What is your superpower?
I don’t mean the ability to crush steel with your bare hands or to leap tall buildings. I’m talking about a gift you were born with, something you do better than just about everyone else. That is your superpower.
Each of us has at least one, maybe even a few. Identifying your superpower(s) is essential, because superpowers can either work for us or against us. In the wrong environment, our superpowers become our kryptonite. But if we play to our strengths, everything becomes easier.
In school, we spend most of our time focused on what we can’t do. That’s especially true for those of us with ADHD. We have a lot of guilt when a teacher or parent says, “If only you’d put as much effort into geometry as you do on the football field!” (or on video games, or whatever our passions might be). What parents and teachers don’t understand is that it’s not an “effort” thing; it’s a “superpower” thing. When an environment or activity allows us to use our superpowers, the task feels almost effortless.
Discover Your Superpowers
Few people can identify their own superpowers. These abilities come so naturally to us that we don’t recognize them as anything special. We almost always need feedback from others to identify them.
> Have you ever received a compliment for something you did, but brushed it off? “Oh, that was nothing; it was simple.” The compliment was probably pointing to one of your superpowers. I had a student who was a gifted painter, but he always shrugged off compliments. “Oh, it was easy.” It was so easy that his works of art didn’t seem special to him. His superpower was hiding in plain sight.
Another example is my father. He’s a great conversationalist. Since childhood, he’s always been able to make friends easily. As an adult, he can start conversations in a room full of strangers, and make someone new to a group feel at ease. I’m shy around new people, so I marveled at Dad’s abilities. In typical “superpower” fashion, he doesn’t think his gift is extraordinary. “It’s easy! Just start with the weather or give a person a compliment!”
> Ask several friends, family, teachers, or coaches for input. “What are some things I do really well?” A pattern will emerge; that’s your superpower. My cousin did this exercise for a high school leadership class. He was surprised when everyone mentioned his gift for asking good questions. He sometimes felt his questions were annoying. He discovered that he asks the questions others are often afraid to ask.
> Ask what gets you in trouble? Chances are, it’s a superpower. Back in his school days, my dad was always getting in trouble for talking too much. That should have been a clue.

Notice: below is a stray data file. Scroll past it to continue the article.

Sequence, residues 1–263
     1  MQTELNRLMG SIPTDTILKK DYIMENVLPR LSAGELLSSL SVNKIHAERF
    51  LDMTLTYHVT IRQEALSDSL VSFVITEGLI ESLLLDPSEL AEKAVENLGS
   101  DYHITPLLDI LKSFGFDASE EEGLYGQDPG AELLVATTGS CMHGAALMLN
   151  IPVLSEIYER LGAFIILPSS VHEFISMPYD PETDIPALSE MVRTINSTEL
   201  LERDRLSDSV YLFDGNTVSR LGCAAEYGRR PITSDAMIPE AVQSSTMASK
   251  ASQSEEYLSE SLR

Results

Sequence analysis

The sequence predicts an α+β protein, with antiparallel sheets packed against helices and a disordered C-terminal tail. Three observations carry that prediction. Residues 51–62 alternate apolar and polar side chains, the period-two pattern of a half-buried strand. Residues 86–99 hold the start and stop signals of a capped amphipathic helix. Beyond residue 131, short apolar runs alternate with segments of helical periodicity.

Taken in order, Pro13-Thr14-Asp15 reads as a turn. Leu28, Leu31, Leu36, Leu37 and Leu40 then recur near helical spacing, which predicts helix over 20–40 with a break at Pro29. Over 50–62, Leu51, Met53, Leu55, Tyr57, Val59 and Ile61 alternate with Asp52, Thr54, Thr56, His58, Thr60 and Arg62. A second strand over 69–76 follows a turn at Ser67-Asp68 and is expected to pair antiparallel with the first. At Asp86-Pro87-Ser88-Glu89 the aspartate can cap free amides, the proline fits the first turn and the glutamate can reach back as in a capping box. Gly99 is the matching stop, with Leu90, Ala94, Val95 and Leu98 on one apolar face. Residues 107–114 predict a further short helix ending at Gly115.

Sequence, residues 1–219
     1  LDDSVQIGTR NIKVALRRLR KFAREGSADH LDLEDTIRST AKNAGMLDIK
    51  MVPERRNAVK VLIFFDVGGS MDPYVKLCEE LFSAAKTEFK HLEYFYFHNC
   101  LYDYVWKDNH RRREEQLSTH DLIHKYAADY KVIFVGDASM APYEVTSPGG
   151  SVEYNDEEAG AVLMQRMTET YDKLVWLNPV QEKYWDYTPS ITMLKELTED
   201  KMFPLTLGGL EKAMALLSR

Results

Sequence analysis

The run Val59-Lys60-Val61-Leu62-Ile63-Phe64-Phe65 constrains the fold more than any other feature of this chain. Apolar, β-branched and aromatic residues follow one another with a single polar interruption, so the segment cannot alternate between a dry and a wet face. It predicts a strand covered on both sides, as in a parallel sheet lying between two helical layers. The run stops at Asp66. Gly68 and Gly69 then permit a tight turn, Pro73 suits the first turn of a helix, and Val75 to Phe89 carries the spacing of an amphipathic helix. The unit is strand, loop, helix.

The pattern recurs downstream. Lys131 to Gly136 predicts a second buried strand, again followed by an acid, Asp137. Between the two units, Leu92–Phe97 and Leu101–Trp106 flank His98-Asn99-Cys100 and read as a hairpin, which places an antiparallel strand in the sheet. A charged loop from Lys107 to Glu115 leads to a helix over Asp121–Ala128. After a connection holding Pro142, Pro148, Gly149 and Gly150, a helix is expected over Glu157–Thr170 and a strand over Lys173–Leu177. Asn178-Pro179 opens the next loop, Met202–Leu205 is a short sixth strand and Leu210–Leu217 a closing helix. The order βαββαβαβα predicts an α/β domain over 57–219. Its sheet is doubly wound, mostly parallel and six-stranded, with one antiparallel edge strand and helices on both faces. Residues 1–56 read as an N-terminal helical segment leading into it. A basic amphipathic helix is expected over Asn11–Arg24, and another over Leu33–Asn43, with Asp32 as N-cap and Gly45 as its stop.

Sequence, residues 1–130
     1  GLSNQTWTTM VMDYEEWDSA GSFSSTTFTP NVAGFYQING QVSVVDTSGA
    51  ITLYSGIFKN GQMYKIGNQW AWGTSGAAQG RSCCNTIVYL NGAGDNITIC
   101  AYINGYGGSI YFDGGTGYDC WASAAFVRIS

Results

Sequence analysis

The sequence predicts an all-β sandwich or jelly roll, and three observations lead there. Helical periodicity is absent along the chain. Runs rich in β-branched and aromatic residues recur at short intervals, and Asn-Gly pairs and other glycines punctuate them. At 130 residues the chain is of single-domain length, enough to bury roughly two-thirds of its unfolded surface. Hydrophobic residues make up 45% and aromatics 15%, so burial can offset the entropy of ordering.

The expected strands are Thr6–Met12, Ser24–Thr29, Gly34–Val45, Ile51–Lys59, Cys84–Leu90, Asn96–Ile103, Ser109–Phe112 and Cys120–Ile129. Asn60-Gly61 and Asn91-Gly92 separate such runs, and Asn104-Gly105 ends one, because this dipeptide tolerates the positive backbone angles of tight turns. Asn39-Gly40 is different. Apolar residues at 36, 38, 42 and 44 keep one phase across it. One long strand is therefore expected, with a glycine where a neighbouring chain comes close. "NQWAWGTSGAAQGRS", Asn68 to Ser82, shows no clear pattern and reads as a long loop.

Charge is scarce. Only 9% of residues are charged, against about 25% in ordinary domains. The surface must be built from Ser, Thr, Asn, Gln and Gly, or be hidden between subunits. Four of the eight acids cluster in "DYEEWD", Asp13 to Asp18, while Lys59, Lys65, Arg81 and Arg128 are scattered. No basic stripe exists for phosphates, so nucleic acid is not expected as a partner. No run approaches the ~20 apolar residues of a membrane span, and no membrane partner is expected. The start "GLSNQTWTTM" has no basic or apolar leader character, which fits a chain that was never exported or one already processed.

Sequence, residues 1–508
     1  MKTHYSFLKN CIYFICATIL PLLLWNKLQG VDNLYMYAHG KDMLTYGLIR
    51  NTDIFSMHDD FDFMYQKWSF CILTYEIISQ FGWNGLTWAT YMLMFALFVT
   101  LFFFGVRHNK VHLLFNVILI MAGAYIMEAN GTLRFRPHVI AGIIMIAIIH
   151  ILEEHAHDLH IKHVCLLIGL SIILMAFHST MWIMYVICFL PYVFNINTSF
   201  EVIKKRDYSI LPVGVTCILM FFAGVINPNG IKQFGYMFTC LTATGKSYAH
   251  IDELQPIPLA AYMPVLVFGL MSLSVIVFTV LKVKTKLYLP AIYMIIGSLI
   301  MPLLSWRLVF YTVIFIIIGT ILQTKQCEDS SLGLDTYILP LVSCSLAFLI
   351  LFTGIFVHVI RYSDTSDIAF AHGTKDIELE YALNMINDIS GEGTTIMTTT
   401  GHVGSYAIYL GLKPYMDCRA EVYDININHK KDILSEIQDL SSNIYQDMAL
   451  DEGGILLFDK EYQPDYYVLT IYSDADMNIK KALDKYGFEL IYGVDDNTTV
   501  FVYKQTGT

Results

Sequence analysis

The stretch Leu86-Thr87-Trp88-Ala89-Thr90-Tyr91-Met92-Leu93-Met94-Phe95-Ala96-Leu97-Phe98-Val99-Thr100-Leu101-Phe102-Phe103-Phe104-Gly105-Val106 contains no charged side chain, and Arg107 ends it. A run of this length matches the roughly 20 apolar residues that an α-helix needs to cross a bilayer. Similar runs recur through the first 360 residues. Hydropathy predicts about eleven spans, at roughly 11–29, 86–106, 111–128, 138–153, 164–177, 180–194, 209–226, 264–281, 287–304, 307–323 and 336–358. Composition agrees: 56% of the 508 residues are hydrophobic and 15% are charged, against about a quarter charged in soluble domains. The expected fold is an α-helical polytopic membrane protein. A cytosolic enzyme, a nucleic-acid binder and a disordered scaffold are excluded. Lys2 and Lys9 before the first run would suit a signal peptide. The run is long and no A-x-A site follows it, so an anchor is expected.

Before I thought about superpowers, I had a third grader, Carl, who had a very loud voice. When he walked down the hallway, teachers ducked out of their classrooms to shush him. Classmates told him to be quiet. Carl was frustrated and embarrassed. One day, I realized that his voice was a gift. I explained to him, in front of the class, “Some day, Carl, you will make a great radio personality, a public speaker. Your voice is something special. A lot of people are going to ‘shhh’ you through the years, but don’t apologize for your voice.”
When a Strength Becomes Your Kryptonite
Your superpower is a natural, ingrained gift. It’s so powerful that you can’t not express it.
My dad’s gift for conversation is a wonderful asset in his adult life. However, in school, it frustrated his teachers. Likewise, students who are gifted on the football field often have a hard time sitting still in class.
Sometimes we have limited control over our environment, but the value of identifying your superpower is the perspective it gives you, especially in school. A friendly or athletic student will begin to understand that her behavior is not inherently “bad”; it’s just not right for certain environments.
Types of Superpowers
The tricky thing about superpowers is that most are subtle, not as obvious as my artistic student’s gift for painting. Here are a few examples:
> My son, age 11, has a superpower for mediating. When we say he can’t do something, he asks, “Why?” He’ll chew on our answer for a while. Then he will come up with solutions to get what he wants, while honoring our objections. Sometimes it’s annoying. But mostly, I admire his problem-solving skills.
> My daughter, age six, is a fashion diva. Since she was two years old, she’s been bringing me shoes and purses to match my outfits. I never matched my purse and shoes before, but she instinctively understands style. It might not help her learn how to read, but it will be useful as she grows up. A friend said of her, “That’s a skill people will pay big money for!”
Success in school relies heavily on executive function, which is the usual “kryptonite” for anyone with ADHD. Knowing our weaknesses is half the battle. If we can identify our superpowers, we won’t be defined by our struggles. Our anxiety fades. We can look for ways to let our superpower shine in school through leadership opportunities, elective classes, or extracurricular activities.
One of the best examples is Carl. As soon as I pointed out that his voice was a gift, his behavior changed. He was more confident and less agitated. He still needed reminders to quiet down, but not as often. His classmates’ reactions changed, too. Instead of getting frustrated, they would remind him with friendly, teasing remarks. Changing that perspective on Carl’s voice changed the atmosphere in my classroom.